By Jonah Bennett
The U.S. military has confirmed it will not cooperate with the Obama administration if the White House tries to circumvent Congress by unilaterally closing down Guantanamo Bay and transferring detainees to U.S. soil.
This stance was confirmed in a letter to Congress from Lt. Gen. William Mayville Jr., director of the Joint Chiefs of Staff. In the letter, Mayville struck back against the idea that the White House has the authority to dodge Congress and use funds to shut down the facility and release hardened detainees requiring indefinite detention to some designated area in the U.S.
“Current law prohibits the use of funds to ‘transfer, release or assist in the transfer or release’ of detainees of Guantanamo Bay to or within the United States, and prohibits the construction, modification or acquisition of any facility within the United States to house any Guantanamo detainee. The Joint Staff will not take any action contrary to those restrictions,” Mayville wrote in a letter obtained by Bloomberg.
Mayville said this even though he ultimately agrees with the administration that the facility needs to closed down. The difference, then, is in regard to the means by which this end is accomplished.
Obama has dodged issuing a firm stance on whether he’d rely on executive authority to close down Gitmo, saying in December, “We will wait until Congress has definitively said no to a well-thought-out plan with numbers attached to it before we say anything definitive about my executive authority here.”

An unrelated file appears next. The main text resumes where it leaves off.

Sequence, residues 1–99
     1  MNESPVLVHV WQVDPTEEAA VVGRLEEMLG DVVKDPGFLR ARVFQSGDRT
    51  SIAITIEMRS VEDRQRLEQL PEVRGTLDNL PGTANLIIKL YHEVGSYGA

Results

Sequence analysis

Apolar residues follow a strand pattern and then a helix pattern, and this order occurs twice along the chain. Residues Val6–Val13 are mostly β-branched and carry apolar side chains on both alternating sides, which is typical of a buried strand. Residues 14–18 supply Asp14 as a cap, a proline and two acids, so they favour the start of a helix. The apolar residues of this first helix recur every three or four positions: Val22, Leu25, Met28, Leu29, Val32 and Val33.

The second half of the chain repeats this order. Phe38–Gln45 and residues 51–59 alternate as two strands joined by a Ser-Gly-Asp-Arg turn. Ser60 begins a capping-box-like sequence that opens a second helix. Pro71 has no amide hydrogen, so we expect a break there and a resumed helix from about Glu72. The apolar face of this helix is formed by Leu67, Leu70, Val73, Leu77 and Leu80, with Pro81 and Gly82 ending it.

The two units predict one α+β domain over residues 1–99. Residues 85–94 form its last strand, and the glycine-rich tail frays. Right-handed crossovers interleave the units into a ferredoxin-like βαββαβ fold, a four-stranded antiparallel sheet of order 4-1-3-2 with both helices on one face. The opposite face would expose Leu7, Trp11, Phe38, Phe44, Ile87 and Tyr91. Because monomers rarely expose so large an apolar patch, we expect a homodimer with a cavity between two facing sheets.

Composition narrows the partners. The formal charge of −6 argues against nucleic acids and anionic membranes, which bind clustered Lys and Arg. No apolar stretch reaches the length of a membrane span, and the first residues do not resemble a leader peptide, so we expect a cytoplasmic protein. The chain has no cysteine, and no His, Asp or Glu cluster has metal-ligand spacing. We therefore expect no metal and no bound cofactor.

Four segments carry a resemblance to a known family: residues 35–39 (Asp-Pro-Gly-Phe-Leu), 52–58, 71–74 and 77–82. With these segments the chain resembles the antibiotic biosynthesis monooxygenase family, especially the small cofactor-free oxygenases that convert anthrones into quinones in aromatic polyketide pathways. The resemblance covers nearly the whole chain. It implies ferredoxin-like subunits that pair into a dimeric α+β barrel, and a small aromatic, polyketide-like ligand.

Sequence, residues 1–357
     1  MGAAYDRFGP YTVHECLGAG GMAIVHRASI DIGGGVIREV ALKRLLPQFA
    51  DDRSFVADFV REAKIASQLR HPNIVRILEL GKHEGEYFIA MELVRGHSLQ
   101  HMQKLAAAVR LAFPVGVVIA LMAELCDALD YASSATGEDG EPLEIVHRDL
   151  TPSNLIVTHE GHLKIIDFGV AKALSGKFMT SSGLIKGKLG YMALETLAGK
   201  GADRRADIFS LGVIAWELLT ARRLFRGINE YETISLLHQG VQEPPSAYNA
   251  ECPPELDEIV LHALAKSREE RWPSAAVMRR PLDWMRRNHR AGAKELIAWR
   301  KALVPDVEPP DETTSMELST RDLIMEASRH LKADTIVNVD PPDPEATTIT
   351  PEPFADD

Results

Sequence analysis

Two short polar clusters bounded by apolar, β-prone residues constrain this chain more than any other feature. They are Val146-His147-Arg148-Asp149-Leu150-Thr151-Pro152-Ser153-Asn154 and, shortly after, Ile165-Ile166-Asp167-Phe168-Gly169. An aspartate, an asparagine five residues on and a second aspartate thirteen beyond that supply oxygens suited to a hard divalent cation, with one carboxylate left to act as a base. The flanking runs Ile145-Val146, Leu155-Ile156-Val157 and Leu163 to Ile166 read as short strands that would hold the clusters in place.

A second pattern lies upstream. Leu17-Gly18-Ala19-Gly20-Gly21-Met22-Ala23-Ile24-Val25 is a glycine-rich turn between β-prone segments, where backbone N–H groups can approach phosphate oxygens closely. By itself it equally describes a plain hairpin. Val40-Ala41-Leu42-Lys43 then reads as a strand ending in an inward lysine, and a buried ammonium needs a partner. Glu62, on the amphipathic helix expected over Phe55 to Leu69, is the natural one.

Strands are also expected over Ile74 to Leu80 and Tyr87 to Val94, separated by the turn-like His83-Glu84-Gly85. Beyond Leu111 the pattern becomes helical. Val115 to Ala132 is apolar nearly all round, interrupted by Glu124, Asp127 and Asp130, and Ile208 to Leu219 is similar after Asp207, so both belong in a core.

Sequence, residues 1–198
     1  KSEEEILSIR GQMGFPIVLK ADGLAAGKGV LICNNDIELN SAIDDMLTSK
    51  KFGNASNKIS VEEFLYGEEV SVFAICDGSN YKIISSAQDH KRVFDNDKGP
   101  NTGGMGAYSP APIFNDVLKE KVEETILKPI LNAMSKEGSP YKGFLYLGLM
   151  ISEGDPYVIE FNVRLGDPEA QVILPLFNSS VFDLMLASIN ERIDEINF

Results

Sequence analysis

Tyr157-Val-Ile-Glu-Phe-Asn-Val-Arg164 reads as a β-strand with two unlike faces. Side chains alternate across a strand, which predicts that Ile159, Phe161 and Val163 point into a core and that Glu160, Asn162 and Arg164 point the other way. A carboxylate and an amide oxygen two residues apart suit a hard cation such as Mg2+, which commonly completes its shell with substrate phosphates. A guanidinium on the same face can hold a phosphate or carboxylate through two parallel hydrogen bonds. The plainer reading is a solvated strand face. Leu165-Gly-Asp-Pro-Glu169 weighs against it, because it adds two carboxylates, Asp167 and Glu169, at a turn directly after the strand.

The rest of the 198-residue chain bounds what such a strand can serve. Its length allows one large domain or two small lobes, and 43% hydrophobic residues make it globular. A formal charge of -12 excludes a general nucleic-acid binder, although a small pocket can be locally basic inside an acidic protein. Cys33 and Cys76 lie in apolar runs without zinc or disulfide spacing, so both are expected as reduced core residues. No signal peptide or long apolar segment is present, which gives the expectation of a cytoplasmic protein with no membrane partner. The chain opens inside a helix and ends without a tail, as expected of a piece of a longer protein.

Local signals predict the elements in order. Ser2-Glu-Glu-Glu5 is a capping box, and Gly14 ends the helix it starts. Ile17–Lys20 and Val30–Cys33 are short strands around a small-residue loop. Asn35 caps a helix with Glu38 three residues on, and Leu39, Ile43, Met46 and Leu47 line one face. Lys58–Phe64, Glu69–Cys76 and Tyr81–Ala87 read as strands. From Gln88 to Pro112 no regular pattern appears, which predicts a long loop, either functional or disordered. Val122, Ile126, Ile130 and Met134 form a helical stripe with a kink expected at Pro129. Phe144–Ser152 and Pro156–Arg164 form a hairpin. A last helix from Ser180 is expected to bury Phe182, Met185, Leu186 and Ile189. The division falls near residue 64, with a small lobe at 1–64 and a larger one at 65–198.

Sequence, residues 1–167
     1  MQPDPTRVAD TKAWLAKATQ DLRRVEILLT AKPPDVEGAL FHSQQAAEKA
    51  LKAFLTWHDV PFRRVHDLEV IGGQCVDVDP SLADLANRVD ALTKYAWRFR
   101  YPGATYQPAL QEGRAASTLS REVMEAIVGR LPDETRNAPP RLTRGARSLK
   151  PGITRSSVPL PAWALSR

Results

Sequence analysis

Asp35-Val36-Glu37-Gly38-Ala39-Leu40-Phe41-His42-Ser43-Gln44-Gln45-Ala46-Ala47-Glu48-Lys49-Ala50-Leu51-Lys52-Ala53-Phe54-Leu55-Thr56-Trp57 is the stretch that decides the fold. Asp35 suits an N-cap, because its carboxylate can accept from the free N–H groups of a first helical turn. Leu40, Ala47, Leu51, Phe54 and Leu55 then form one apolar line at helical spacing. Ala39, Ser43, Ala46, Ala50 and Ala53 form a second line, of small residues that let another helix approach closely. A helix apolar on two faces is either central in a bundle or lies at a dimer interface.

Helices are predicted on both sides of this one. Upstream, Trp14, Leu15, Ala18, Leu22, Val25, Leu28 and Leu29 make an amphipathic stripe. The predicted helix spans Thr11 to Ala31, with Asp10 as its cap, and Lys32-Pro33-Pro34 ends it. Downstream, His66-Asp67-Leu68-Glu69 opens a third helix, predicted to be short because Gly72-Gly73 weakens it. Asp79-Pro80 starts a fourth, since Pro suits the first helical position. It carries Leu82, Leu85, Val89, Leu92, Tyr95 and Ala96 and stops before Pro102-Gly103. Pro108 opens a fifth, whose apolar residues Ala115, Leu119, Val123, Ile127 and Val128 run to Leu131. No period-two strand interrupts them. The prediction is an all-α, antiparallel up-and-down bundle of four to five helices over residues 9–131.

The plan has been delayed for countless months, but the Obama administration has finally received a proposal from Defense Secretary Ash Carter. That plan will soon head before Congress, though it is unlikely to curry much favor from Republicans, who have blocked the administration’s attempt to shutter the facility every step of the way.
There are a total of 91 detainees left in Gitmo. Of that amount, 59 are not deemed eligible for transfer due to the danger they present. Khalid Sheikh Mohammed, as the mastermind behind the 9/11 terrorist attacks, is a prime example of a detainee too dangerous to release into the wild.
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